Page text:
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I Bet Many of the Cool Kids Are On the Verge of Greatness

I’ve always loved the Cool Kids (CKs). I’ve never been a cool kid, but the kinda sorta quasi-cool guy who seemed to think differently, while simultaneously remaining under most folks’ radar. I’ve been the poster boy for Malcolm Gladwell’s 10,000 hours principle, which says we don’t become excellent at something ’till we’ve logged that many hours doing it. The CKs in the ethereal world of 2.0 real estate come and go, but the ones who’ve remained, some hangin’ by their fingernails, are the ones still puttin’ in those first 10,000 hours in the fields. That’s hopefully a diplomatic way of sayin’ they’re still mostly theoretically based and not so much empirically experienced — but gettin’ there.

A few of these CKs are gonna rise one morning realizing they’ve figured out where that last piece to their particular puzzle goes. When that happens we’ll all benefit wildly. ‘Till then? Let’s stop fallin’ in love with all the ‘can’t miss’ marketing ideas tossed at us as if they’re just as reliable as gravity and Grandma’s raisin-bran muffins. It just ain’t the case. If so, most of these kids would be livin’ the life of Steve Jobs, a CK himself, who actually put in the 10,000 hours and leveraged it to the max. Then he kept adding more 10,000 hour blocks to ensure the excellence of results.

What I’m tryin’ to say, and poorly at that, is that the CKs need to keep plowin’ their fields without ceasing. It’s like gettin’ in shape. You begin with a jelly belly and become discouraged after a week cuz you don’t look like Adonis yet. Rely on the universal principles at work — the most important of which is putting in your time. There’s simply no substitute for that part of the process. When working out consistently for a year, our jelly bellied friend is now slim ‘n trim, and wearin’ tank tops whenever possible. 🙂 Meanwhile, the others who haven’t unambiguously logged the hours, day in and day out, failed — but they’re still CKs, right? Maybe. Maybe not.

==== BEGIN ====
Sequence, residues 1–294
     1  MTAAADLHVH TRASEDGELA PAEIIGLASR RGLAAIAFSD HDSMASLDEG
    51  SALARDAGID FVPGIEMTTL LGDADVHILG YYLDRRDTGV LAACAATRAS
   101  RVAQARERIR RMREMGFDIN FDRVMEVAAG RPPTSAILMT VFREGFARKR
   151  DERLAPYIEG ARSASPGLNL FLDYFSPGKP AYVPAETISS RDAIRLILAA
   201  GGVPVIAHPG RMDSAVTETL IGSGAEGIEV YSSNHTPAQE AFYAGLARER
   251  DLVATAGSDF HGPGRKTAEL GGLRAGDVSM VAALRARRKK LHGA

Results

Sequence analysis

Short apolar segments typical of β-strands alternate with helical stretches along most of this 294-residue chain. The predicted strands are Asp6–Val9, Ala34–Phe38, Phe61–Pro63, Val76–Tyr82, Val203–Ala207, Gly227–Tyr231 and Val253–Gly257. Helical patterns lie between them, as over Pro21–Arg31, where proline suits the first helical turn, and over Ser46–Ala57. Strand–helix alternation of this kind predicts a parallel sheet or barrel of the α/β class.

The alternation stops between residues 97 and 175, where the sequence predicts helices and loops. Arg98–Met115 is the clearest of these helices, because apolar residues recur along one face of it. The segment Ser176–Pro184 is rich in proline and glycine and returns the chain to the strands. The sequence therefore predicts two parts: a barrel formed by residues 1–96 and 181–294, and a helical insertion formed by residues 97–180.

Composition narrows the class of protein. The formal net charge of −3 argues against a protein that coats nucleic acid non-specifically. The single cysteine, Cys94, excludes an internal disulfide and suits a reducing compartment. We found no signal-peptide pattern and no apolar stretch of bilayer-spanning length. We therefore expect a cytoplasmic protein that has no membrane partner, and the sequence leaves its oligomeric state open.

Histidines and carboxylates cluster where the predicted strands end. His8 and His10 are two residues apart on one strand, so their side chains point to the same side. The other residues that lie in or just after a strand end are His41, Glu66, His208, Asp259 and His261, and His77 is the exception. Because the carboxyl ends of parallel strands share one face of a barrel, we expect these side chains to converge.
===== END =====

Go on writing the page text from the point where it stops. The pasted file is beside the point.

I’m about to complete my eighth 10,000 hour block in real estate related practice. This last one has been brutally humbling. Thank the Lord for the previous 70,000 hours. 🙂 It’s been the one requiring me to combine my OldSchool experience with the current economically changing times and the online facts of life. OldSchool Training + Monster Economic Changes + Learning Online Principles X 10,000 hours = We’re about to see.

Here are some personal examples of the principle in action, followed by some predictions of what we might be seeing in real time soon by some folks some of you may know.

  • Started workin’ out just before I turned 16, trained by a very experienced guy. About a gazillion gym hours later I’m able to credibly compete in major regional contest.
  • RE license at 18 — was sick of it about 10,000 hours later.
  • Moved into investments — 10,000 hours acquired by 1981. BAD timing. 🙂
  • However, when first real recovery year hit, 1986, after yet another 10,000 hours, I had my first ever $100,000 year — the fruit of all those hours.